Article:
Sky-High Peanut Prices a ‘Lucky Deal' for Arkansas Planters

by Kate Knable  on Monday, Nov. 19, 2012 12:00 am  

In 2010, peanut buyers courted Arkansas farmers as prospective peanut planters and then bought at steep prices all the peanuts Arkansans planted.

The following year, more Arkansans planted peanuts and their crops sold at prices “in reach of the highest they’d ever been,” Phillips County farmer Michael Taylor said. Prices sprang up to around $1,200 per ton in 2011, and farmers harvested roughly two tons per acre.

Travis Faske, who worked with peanuts in Texas and is now a plant pathologist with the University of Arkansas Cooperative Extension Service, said he had never seen such high peanut prices nationally.

“That was just a one time, lucky deal,” Taylor said.

Taylor was an eager participant, buying four used peanut harvesters at $50,000 a pop and nearly doubling his peanut acreage to 900 acres in 2012. The prices from 2011 already made the equipment purchases worthwhile, he said.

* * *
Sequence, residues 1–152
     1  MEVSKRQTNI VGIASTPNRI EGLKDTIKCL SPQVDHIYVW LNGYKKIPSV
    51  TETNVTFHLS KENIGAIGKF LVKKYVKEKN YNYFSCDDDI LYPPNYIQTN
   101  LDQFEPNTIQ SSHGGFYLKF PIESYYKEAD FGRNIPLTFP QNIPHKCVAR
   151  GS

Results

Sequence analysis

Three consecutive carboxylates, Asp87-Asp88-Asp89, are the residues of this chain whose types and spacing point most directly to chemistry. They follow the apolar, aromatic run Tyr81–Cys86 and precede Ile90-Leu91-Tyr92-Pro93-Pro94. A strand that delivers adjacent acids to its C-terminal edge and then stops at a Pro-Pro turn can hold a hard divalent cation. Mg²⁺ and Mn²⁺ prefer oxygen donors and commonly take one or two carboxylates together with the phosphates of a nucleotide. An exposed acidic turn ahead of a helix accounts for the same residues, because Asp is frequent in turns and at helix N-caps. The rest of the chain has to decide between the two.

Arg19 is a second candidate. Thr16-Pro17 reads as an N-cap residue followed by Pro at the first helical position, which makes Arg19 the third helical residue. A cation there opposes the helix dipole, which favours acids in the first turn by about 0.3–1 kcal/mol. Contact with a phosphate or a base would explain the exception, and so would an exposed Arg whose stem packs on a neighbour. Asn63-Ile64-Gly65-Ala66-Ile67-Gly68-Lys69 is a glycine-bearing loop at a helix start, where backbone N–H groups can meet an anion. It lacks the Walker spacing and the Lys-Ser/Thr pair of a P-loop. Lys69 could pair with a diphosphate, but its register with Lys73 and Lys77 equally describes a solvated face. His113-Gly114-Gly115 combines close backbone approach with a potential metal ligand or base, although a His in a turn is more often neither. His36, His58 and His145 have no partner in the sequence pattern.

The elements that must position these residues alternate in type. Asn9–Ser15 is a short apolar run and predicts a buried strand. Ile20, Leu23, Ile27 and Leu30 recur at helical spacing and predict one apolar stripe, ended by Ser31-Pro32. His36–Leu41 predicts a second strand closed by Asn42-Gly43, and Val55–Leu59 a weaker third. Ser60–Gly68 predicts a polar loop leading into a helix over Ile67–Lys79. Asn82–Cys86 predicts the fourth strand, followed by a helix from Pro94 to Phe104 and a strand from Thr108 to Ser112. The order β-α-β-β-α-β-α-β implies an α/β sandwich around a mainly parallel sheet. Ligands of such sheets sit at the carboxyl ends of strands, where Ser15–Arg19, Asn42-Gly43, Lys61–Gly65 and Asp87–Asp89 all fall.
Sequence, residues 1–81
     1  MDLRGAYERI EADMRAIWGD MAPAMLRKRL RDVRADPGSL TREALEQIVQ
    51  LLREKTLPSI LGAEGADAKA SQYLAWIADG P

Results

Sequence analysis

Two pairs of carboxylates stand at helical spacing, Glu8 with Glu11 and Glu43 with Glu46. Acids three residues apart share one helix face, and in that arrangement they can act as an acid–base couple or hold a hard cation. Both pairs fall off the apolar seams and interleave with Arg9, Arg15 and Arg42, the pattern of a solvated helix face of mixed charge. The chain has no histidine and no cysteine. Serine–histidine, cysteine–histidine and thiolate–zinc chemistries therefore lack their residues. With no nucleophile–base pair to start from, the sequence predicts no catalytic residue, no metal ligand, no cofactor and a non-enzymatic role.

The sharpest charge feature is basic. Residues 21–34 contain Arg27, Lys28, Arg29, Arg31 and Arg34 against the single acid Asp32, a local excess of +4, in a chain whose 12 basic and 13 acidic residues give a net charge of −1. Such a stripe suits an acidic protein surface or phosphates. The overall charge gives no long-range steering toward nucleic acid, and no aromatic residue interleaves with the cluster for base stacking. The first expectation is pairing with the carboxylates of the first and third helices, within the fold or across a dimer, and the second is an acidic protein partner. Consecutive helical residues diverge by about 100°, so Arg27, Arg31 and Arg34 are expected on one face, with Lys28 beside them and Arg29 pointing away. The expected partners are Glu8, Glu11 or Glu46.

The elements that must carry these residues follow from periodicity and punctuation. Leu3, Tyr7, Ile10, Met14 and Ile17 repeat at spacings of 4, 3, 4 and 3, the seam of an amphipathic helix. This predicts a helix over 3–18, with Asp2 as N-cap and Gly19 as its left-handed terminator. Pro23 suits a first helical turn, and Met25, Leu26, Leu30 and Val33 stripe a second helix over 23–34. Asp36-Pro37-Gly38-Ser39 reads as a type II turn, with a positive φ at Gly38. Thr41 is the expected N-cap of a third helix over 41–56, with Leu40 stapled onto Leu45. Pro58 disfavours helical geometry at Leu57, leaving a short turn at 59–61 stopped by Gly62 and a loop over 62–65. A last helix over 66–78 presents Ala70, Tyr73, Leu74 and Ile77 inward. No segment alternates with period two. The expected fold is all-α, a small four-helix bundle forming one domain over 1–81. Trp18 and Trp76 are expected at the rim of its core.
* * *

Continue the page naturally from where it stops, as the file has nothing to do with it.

Peanut processors Birdsong Peanuts of Suffolk, Va., Golden Peanut Co. of Alpharetta, Ga., and Clint Williams Co. of Madill, Okla., got interested in Arkansas’ areas of sandy soil and contracted with farmers because growers in major peanut-producing states like Georgia and Texas were struggling to combat peanut diseases and water shortages.

At the time, the companies were scrambling to diversify their peanut sources, and they succeeded. Peanut acreage in Arkansas jumped from 2,000 in 2010 to about 18,000 acres this year, mainly in Randolph and Lawrence counties.

Meanwhile, crops improved in Georgia and Texas. A combination of higher yields and increased peanut acreage nationwide have pushed prices down enough that the Arkansas peanut honeymoon is waning.

Contract prices dropped to $750 per ton earlier this year, and companies only contracted to buy about half of Arkansas farmers’ crops, Taylor said, so the other half might sell within the next few weeks at just break-even prices. “Nobody expects it to be a great price,” he said.

And while $750 was still a good price, with up to a 45 percent profit, if the rest of the crop sells for $350, then peanuts will be comparable in net income to corn — but with more labor required for harvesting, Taylor said. Harvesting is a two-step process, requiring digging and threshing, he said.

And, unlike with corn and soybeans, farmers selling peanuts are reliant on only a handful of companies to set the prices, buy the crops and determine when they do both.

“It’s going to be just like any other crop. It’ll have its higher acreage and its lower acreage,” Taylor said. “The ‘new’ has worn off of it.”



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